of the farmer, most explicitly and most fully expressed in God in
our salvation, is conduct expected of those who follow God in
salvation. This is the secondary focus. The historical situation is
one repeatedly addressed in Scripture. The wage earner is included
with other vulnerable groups such as widows and orphans who are the
particular objects of biblical justice (e.g. Mal. 3:3-5). Wage
earners, cut off from the economic power of productive land
ownership, were at the bottom of the economic heap; work was
seasonable and undependable. They were extremely dependent.
applies to the earthly story the language and content of biblical
justice. The farmer tell the earliest group that their wage will be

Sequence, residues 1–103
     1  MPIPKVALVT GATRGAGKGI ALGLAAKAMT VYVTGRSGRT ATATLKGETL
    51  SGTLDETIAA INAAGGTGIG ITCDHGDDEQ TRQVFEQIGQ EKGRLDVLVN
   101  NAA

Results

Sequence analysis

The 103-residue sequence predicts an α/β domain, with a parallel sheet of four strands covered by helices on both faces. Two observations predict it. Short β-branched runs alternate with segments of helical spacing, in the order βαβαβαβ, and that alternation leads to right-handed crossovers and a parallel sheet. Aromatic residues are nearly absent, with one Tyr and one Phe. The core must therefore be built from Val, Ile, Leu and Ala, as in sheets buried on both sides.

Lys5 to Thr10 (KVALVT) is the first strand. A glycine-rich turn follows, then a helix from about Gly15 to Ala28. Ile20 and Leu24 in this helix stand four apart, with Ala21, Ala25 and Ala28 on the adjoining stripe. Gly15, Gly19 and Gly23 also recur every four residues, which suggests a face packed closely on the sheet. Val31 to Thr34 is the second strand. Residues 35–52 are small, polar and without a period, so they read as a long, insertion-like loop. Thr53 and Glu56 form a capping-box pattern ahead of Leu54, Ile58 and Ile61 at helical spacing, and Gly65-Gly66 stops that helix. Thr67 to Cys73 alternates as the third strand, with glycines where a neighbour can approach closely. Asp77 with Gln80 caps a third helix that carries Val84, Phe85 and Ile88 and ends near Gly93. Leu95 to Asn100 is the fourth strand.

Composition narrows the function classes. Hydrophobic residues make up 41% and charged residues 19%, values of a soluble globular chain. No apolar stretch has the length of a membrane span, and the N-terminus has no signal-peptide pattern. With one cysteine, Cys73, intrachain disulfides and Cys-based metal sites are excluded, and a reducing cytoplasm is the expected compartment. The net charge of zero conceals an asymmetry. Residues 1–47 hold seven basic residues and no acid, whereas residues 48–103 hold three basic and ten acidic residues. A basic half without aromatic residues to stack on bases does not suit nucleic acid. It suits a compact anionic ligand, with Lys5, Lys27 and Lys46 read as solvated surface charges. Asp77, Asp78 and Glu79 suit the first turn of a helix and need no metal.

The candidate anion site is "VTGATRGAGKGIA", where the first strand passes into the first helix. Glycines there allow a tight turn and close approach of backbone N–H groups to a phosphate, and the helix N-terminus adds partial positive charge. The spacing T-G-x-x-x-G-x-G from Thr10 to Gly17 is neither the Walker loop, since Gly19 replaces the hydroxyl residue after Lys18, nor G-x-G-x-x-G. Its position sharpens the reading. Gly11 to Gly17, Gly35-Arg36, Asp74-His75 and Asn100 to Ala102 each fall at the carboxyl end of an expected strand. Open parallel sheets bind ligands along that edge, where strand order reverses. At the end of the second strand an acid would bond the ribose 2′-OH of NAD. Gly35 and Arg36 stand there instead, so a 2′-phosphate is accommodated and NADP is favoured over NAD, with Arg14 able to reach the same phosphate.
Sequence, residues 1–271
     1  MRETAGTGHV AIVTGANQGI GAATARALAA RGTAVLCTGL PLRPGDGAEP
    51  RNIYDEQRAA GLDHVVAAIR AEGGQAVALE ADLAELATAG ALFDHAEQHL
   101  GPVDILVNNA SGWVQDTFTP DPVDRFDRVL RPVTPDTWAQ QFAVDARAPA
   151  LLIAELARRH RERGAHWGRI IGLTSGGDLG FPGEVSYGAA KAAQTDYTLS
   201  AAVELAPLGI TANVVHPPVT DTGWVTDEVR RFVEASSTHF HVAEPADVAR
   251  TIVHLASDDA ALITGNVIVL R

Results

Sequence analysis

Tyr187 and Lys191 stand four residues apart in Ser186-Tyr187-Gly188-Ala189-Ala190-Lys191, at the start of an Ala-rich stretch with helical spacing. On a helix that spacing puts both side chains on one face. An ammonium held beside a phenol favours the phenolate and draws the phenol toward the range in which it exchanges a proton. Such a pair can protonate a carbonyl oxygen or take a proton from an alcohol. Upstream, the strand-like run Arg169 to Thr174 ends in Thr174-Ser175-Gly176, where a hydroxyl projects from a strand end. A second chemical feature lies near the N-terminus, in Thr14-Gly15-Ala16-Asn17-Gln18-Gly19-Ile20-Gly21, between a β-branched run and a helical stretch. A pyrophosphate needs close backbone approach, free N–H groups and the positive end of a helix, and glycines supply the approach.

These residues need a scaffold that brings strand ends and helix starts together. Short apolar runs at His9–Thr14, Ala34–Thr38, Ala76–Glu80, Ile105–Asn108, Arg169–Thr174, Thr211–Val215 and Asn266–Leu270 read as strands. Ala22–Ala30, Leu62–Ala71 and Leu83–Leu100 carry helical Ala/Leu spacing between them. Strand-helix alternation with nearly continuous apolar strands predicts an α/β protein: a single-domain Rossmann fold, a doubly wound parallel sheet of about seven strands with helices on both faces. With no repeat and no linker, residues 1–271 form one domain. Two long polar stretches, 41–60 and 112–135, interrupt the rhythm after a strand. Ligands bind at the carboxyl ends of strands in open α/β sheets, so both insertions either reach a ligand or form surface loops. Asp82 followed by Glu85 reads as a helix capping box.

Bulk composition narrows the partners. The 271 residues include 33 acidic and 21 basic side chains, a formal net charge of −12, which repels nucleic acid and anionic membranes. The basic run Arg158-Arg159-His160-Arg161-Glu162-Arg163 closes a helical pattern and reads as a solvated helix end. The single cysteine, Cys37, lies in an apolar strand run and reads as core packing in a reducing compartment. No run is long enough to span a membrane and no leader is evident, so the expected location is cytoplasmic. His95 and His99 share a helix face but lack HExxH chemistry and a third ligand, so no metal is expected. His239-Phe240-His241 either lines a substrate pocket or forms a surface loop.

"just" (Matt. 20:4). The wage all received is the denarius,
the wage sufficient for the daily needs of workers and their
dependents. All who accepted the work available to them received
that wage no matter their might expressed in the length of their
effort. They all did what they could , and they all received what
was sufficient for their needs.
similarity to God's earlier intervention in the manna in the
wilderness. All who gathered had enough and no more than enough for
their needs (Exod. 16:18). So in the parable, those who worked last
and least are "equal" (Matt. 20:12; cf. 2 Cor. 8:13-15).
The first and longest workers received what they needed for
sustenance. They were not treated "unjustly" (v. 13).
Biblical distributive justice is a rendering to each according to
their need. The complaining early workers should not be filled with
greedy envy (literally, the "evil eye" [cf this column for
January 1998]) because the farmer is "good" (v. 15). The
Good Farmer is both our savior and our model.
long battle for the living wage for all workers, a battle
encouragingly revived recently, finds support for its conviction in
the image itself of this parable.